Sen. Harding: CT Should Prohibit Issuing Unsolicited Absentee Ballot Applications to Voters

July 8, 2024

Name of Bridgeport official charged with election fraud on log of those obtaining absentee ballot forms

By Brian Lockhart
CT Post

Three weeks before City Councilman Alfredo Castillo was arrested for alleged absentee ballot abuses, his name and address appeared on a city log recording who obtained absentee ballot applications for the upcoming legislative primaries.

According to a log maintained by the town clerk’s office, on May 21 Alfredo Castillo of Noble Avenue took out 550 applications — the most of the over four dozen entries between April 9 and July 2, the  .

Castillo has said he lives on Noble Street and the address is listed on his voter registration.

Castillo would not be required to notify the town clerk which candidate or candidates he could be assisting.

On June 11, Castillo and three other local Democratic operatives were charged following a nearly five-year state probe with multiple counts of election fraud in connection with absentee ballots for their party’s 2019 mayoral primary between incumbent Joe Ganim and then-challenger state Sen. Marilyn Moore.

Castillo, a Ganim ally, was charged with misrepresenting eligibility requirements for voting by absentee ballot; failure to maintain an absentee ballot distribution list; and failure to sign as assister on an absentee ballot.

The names of the other three suspects in that case — Josephine Edmonds, Wanda Geter-Pataky and Nilsa Heredia — do not appear on the town clerk’s log.

Neither Castillo nor his attorney returned requests for comments.

Absentee or mail-in ballots, available under state law to certain voters unable to go to their in-person polling sites on election day, have been known in Bridgeport to decide competitive races, particularly in typically low-turnout primaries.

Alleged absentee ballot abuses in last year’s mayoral race between Ganim and fellow Democrat John Gomes resulted in a superior court judge ordering a do-over primary for this past January and a new general election held in February. As of April, that was also being probed by the Office of the Chief State’s attorney for potential criminal prosecution, although no suspects have so far been named by that agency.

Asked about Castillo’s name being listed on the absentee ballot log, Tara Chozet, communications director for Secretary of the State Stephanie Thomas, said in a statement Friday that “It is concerning if anyone guilty of an election crime is not held accountable in a timely manner.”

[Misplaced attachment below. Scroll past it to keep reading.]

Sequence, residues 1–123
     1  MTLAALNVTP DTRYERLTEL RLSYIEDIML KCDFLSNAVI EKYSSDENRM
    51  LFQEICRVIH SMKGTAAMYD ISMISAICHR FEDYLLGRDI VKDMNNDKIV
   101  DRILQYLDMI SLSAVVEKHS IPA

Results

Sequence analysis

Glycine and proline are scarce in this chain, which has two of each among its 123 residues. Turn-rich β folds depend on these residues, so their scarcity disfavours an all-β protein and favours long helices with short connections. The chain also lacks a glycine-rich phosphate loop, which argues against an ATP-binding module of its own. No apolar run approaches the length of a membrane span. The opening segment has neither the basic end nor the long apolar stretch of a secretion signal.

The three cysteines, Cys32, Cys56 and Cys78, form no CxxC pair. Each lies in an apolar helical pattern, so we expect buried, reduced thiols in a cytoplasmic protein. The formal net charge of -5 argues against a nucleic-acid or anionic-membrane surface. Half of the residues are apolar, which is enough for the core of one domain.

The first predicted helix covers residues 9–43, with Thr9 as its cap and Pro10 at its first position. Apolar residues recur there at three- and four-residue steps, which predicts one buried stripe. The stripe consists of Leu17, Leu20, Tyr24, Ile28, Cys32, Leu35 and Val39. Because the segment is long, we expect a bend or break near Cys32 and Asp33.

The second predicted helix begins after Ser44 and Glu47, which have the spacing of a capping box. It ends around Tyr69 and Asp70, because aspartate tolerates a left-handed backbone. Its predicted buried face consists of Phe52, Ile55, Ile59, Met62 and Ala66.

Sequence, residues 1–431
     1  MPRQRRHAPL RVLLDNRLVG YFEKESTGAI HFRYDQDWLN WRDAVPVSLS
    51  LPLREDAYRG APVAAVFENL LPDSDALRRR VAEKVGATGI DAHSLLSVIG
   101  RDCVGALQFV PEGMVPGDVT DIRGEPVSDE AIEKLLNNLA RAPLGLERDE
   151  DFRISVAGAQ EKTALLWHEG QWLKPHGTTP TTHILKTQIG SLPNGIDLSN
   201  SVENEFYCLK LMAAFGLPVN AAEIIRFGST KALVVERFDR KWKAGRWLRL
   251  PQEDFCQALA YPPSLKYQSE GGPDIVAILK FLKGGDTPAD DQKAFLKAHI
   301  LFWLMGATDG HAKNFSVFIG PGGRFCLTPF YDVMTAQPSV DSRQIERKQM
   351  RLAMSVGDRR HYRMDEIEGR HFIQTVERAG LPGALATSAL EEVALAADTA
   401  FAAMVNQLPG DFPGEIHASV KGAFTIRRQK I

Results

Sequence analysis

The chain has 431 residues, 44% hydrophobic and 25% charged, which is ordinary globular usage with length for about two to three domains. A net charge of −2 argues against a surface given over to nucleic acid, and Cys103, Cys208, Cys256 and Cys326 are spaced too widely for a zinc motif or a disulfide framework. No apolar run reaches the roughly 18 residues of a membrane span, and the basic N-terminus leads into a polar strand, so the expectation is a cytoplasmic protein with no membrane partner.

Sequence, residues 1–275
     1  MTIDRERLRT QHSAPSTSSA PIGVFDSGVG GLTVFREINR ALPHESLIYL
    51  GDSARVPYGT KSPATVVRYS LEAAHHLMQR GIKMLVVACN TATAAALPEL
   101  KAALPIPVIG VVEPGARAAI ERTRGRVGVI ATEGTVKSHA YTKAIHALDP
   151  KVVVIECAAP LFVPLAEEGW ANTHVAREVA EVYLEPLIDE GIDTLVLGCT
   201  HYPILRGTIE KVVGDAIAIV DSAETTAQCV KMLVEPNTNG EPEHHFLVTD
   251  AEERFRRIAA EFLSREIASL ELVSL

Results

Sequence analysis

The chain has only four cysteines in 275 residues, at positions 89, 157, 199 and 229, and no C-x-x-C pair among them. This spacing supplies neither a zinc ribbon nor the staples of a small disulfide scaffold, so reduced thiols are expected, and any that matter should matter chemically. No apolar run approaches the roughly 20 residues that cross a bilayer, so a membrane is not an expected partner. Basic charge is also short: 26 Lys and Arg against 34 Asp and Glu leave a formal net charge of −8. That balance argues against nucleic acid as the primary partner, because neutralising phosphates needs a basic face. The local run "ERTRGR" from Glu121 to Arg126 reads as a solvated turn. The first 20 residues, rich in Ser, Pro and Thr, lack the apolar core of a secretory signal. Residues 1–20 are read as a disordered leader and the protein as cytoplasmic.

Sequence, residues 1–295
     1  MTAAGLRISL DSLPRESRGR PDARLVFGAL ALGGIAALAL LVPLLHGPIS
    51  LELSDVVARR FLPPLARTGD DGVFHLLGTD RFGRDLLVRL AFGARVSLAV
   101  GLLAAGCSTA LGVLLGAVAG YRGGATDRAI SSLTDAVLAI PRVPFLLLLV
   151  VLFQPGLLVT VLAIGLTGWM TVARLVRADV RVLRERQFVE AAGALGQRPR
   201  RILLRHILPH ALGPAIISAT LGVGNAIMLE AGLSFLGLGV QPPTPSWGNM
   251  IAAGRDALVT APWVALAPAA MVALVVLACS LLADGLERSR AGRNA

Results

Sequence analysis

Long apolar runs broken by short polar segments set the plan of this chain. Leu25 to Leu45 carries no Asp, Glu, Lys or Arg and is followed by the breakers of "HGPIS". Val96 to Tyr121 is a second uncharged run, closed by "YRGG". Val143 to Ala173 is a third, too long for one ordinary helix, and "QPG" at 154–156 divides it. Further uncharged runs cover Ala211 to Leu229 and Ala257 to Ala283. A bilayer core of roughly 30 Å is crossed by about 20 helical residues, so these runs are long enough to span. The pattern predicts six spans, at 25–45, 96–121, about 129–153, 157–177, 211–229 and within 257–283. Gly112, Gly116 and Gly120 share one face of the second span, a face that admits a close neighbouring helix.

But she added that “allegations and investigations are not convictions, and there is nothing in the law that would allow our office to limit availability of absentee ballot applications.”

There are eight people competing in one of Bridgeport’s three legislative primaries Aug. 13.

Of those contacted for this article, state Rep. Andre Baker and Councilwoman Eneida Martinez, who are vying for the 124th District House of Representatives seat, said Castillo is not affiliated with their campaigns.

Incumbent Herron Gaston and Councilman Ernie Newton are competing in the 23rd state Senate District, which includes portions of Bridgeport and Stratford.

“We haven’t spoken to him at all,” Gaston said of Castillo.

Newton said “there’s a lot of people helping out (but) I haven’t heard of anything he’s doing for me.”

Lastly there is a four-way primary to replace Moore, who is retiring after a decade from representing the 22nd state Senate District, which encompasses Trumbull and neighborhoods in Bridgeport and Monroe.

Three of the candidates, Bridgeport Councilman Scott Burns, his recently resigned council colleague, Tyler Mack, and Sujata Gadkar-Wilcox of Truimbull, said Castillo is not with them.

The fourth, former Bridgeport Mayor Bill Finch, a long-time neighbor of Castillo’s, could not be reached for comment.

Last year’s absentee ballot scandal in Bridgeport resulted in some reforms passing the legislature before members adjourned in May. There had been some talk of finding ways to limit the number of applications any one individual or campaign can obtain, but nothing was codified.

“We’ve had conversations about removing political parties and candidates from the process altogether and instead having the state fund the dissemination of absentee ballot applications and using barcodes — as is done in other states — to track the process from beginning to end,” Chozet said Friday.

State Senate Republican Leader Stephen Harding, R-Brookfield, said Friday he would like to see a prohibition on issuing unsolicited absentee ballot applications to voters.

He believes that would dissuade operatives and campaigns from taking them out in bulk.

Chozet noted that state-funded election monitors who were on the job in Bridgeport during the city’s recent mayor’s race will be back at work for August’s legislative primaries.

“Election integrity is a top priority for our office,” Chozet said. “We are working with the election monitors to prevent election interference within the bounds of our office’s jurisdiction. We will continue to collaborate with lawmakers on legislative changes to remove any electoral loopholes.”